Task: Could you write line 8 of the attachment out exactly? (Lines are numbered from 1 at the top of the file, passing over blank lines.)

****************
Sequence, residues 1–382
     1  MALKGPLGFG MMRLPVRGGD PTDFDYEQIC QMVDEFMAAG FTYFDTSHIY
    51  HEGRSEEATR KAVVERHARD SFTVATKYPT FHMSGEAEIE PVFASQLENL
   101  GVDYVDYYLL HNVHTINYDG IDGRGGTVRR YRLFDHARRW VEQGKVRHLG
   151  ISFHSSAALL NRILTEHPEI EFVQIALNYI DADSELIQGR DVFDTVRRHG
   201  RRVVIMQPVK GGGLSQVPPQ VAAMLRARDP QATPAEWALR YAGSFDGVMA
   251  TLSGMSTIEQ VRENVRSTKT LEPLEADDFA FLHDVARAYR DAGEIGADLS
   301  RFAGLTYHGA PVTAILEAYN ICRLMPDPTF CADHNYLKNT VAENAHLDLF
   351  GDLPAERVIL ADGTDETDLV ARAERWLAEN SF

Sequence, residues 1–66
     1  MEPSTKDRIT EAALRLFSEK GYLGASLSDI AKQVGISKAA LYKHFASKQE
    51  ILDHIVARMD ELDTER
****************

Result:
   301  RFAGLTYHGA PVTAILEAYN ICRLMPDPTF CADHNYLKNT VAENAHLDLF